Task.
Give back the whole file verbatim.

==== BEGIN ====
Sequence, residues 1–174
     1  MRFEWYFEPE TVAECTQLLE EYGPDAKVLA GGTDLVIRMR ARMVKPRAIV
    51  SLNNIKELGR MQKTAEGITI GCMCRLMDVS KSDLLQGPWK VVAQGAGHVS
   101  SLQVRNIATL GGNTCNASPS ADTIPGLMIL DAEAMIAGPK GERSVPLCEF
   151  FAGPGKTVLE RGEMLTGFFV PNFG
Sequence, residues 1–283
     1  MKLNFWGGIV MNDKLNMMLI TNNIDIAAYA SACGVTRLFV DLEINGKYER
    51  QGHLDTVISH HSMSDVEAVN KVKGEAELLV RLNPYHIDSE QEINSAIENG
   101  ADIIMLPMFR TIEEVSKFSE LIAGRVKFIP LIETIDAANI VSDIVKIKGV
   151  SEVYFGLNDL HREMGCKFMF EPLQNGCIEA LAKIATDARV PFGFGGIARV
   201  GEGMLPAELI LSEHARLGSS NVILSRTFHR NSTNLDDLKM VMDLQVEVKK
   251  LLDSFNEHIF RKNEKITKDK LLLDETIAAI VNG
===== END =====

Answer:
Sequence, residues 1–174
     1  MRFEWYFEPE TVAECTQLLE EYGPDAKVLA GGTDLVIRMR ARMVKPRAIV
    51  SLNNIKELGR MQKTAEGITI GCMCRLMDVS KSDLLQGPWK VVAQGAGHVS
   101  SLQVRNIATL GGNTCNASPS ADTIPGLMIL DAEAMIAGPK GERSVPLCEF
   151  FAGPGKTVLE RGEMLTGFFV PNFG
Sequence, residues 1–283
     1  MKLNFWGGIV MNDKLNMMLI TNNIDIAAYA SACGVTRLFV DLEINGKYER
    51  QGHLDTVISH HSMSDVEAVN KVKGEAELLV RLNPYHIDSE QEINSAIENG
   101  ADIIMLPMFR TIEEVSKFSE LIAGRVKFIP LIETIDAANI VSDIVKIKGV
   151  SEVYFGLNDL HREMGCKFMF EPLQNGCIEA LAKIATDARV PFGFGGIARV
   201  GEGMLPAELI LSEHARLGSS NVILSRTFHR NSTNLDDLKM VMDLQVEVKK
   251  LLDSFNEHIF RKNEKITKDK LLLDETIAAI VNG